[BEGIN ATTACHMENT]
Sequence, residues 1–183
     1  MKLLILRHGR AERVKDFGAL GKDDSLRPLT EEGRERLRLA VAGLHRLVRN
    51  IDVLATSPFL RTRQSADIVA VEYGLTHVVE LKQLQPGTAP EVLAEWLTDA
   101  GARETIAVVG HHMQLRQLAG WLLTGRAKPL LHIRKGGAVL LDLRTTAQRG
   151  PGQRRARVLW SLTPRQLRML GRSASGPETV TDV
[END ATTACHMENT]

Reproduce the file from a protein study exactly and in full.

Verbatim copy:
Sequence, residues 1–183
     1  MKLLILRHGR AERVKDFGAL GKDDSLRPLT EEGRERLRLA VAGLHRLVRN
    51  IDVLATSPFL RTRQSADIVA VEYGLTHVVE LKQLQPGTAP EVLAEWLTDA
   101  GARETIAVVG HHMQLRQLAG WLLTGRAKPL LHIRKGGAVL LDLRTTAQRG
   151  PGQRRARVLW SLTPRQLRML GRSASGPETV TDV